Twenty-four year-old Nat Garvey for instance, became a sex toy tester, after replying to a help wanted ad posted by a company based in the UK which makes sex toys, looking for someone to test out their products. A variety of sex toys and products designed for specific fetish niches show up on her doorstep daily, and then she tests them out, and lets the company know how effective these products are. If Nat has a positive experience with the products that show up on her doorstep, the products that she tested out are publically distributed.

6. Professional Bed Warmers


Professional bed warmers are paid to wear special, all in one-sleeper suits, and warm up the beds of Holiday Inn guests, before they get under the covers. An Edinburg Sleep Centre study concluded that cold beds inhibit sleep, and warm beds, approximately 20 to 24 degrees Celsius, help people have a good night’s sleep.  In January 2010, five-minute free bed warming sessions were test driven at London and Manchester, U.K Holiday Inn Locations.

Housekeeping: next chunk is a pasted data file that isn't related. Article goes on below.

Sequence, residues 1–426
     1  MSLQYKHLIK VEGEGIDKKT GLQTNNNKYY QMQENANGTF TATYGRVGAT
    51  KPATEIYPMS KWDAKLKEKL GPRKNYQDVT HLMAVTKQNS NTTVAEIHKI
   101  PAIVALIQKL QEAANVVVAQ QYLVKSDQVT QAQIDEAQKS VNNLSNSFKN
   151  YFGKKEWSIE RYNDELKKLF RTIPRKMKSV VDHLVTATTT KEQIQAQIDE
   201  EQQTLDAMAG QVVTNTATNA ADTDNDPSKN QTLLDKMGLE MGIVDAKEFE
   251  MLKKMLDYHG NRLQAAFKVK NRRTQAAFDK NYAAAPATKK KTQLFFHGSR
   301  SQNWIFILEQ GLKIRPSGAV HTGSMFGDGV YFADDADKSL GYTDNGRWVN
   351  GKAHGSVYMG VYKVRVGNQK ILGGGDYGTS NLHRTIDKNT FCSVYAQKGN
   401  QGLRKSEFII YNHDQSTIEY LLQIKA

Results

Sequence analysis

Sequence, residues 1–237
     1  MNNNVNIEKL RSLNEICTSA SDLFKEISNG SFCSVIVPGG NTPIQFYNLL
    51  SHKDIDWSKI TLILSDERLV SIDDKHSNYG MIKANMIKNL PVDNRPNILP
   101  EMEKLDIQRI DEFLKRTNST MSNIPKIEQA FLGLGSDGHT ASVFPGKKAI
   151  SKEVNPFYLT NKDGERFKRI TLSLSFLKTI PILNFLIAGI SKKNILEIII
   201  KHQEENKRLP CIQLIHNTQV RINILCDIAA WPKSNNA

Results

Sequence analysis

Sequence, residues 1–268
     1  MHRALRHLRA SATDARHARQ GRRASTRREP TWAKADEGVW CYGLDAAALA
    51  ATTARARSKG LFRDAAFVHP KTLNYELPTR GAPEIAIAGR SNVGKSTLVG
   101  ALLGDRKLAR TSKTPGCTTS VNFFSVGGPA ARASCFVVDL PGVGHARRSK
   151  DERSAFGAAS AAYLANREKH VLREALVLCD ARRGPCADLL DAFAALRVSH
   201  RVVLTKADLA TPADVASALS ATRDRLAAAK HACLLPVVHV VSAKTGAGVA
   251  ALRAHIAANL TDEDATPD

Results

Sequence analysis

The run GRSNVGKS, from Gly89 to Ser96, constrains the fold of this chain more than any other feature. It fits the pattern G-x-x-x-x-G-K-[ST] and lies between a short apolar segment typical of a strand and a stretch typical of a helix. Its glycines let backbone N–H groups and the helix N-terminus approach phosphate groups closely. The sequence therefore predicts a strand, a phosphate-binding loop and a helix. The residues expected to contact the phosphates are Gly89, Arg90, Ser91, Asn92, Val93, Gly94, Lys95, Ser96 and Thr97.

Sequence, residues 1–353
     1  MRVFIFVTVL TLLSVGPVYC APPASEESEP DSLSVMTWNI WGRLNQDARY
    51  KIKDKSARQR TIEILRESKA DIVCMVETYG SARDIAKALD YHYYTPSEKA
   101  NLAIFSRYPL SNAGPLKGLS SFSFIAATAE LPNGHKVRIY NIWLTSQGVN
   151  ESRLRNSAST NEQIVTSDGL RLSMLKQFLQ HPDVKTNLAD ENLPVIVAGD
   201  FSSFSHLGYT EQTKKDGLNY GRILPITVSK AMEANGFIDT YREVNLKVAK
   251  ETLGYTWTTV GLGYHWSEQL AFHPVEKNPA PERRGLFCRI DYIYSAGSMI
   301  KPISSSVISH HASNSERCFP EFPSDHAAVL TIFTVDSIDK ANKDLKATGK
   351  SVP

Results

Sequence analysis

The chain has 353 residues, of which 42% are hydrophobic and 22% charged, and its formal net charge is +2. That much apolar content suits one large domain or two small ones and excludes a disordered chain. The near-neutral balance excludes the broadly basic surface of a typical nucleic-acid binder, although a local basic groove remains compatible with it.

5. Hangover Helpers Party Cleaners


Hangover Helpers Party Cleaners make $20 per roommate, through showing up at places where parties involving large quantities of alcohol occurred, 24 hours prior to their arrival. They make money off easing the pain of hangovers, through serving breakfast burritos and Gatorade, and cleaning up every bottle, dirty dish, and mess left over from the party. The only leftover evidence of what happened the night before are peoples’ memories, and hangovers hurt a little bit less.